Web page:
This is why Rigid-Flex manufacturers might charge you less for the same circuit than if it were in Rigid PCBs.


Though this doesn’t come under the cost of getting your circuit manufactured, it is definitely important when the circuit is installed in the product it was designed for. Rigid-Flex is more thermally stable, more efficient, more shock and vibration resistant, and more durable than Rigid PCBs, and even Flex with stiffener circuits. They are able to weather harsh environments better and are therefore favored for devices used in military and space operations.

If your circuit is supposed to be employed in high precision, compact, and robust devices, designing a functional and reliable Rigid-Flex circuit is better than deploying a conventional Rigid circuit that will be complex, bulky, and more prone to damage.

Some Important Tips

There are some design mistakes engineers tend to make when designing a Rigid-Flex circuit for the first time. They should be avoided to prevent the additional testing and redesigning cost of your Rigid-Flex PCB. You should make sure that:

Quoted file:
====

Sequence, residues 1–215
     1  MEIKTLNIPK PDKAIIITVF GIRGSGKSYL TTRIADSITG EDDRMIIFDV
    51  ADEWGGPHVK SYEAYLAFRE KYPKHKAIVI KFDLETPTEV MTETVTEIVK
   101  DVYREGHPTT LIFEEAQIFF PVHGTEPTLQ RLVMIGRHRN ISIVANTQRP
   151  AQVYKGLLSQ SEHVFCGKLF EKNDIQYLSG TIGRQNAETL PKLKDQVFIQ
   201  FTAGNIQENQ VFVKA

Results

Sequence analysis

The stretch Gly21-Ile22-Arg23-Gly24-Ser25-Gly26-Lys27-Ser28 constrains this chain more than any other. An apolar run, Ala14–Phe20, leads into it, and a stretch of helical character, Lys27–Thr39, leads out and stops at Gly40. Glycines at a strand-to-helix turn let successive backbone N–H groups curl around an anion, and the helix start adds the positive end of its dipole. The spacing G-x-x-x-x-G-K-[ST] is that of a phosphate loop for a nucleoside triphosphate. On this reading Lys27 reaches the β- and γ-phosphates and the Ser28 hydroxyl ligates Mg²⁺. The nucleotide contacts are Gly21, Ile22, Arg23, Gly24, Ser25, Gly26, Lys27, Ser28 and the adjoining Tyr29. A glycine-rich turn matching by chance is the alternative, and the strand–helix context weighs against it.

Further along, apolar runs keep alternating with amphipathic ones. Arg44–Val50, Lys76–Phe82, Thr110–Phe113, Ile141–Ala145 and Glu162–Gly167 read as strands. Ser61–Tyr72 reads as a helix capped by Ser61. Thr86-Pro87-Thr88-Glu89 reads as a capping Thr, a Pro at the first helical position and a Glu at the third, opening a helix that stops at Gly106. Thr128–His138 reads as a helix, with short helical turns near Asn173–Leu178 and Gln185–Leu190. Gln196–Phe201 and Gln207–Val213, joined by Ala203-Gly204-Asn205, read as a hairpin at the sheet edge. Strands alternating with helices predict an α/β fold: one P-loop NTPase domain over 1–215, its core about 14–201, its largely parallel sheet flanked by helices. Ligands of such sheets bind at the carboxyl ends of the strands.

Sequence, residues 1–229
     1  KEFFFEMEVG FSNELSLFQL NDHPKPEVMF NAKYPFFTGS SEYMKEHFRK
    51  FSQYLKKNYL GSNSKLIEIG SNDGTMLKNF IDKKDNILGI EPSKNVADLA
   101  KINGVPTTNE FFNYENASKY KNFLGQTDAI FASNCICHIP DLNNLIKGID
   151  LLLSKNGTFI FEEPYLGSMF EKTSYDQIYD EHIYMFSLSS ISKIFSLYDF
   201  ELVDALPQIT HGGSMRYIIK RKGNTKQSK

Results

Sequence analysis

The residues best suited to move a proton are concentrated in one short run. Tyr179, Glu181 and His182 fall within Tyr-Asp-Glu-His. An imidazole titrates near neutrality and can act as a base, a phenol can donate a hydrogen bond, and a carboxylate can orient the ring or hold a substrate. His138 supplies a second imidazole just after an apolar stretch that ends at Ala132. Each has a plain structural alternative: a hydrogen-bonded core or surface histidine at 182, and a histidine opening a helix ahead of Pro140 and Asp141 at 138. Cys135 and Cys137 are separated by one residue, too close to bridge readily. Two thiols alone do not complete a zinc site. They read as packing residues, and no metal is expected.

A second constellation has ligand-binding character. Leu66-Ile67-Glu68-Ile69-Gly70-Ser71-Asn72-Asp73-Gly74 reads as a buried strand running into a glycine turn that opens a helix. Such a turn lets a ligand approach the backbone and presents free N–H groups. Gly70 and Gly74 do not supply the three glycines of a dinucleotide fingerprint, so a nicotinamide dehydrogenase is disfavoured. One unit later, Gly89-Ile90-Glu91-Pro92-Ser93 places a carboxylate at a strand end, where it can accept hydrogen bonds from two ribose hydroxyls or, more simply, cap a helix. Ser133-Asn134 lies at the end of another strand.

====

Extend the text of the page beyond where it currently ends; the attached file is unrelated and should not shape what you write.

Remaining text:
1. Vias and Microvias should at least be 30 mm away from the edge adjoining the Flex to the Rigid part of the PCB.
  2. Consult your Rigid-Flex PCB manufacturer about their production limitations before working on impedance controlled designs.
  3. Flex turns should be as gradual as possible.
  4. Employ as fewer flex layers as possible.


A Rigid-Flex circuit, if carefully and efficiently designed, can save you a lot of money in terms of testing, assembling, and buying components than a conventional PCB circuit. This is especially true if you work with specialists. We can help you improve upon even your most compact Rigid-Flex circuit.

Advance capabilities of our Polyimide Rigid-Flex circuits include the flex thickness as low as 12 micrometers and rigid thickness of a mere 30 micrometer. With our design production capabilities of producing up to 30 layers and 360-degree bends, you can design amazingly efficient circuits for wearables, medical implants, and other compact devices.

If you opt for using HDI PCBs, your options can become even more diverse.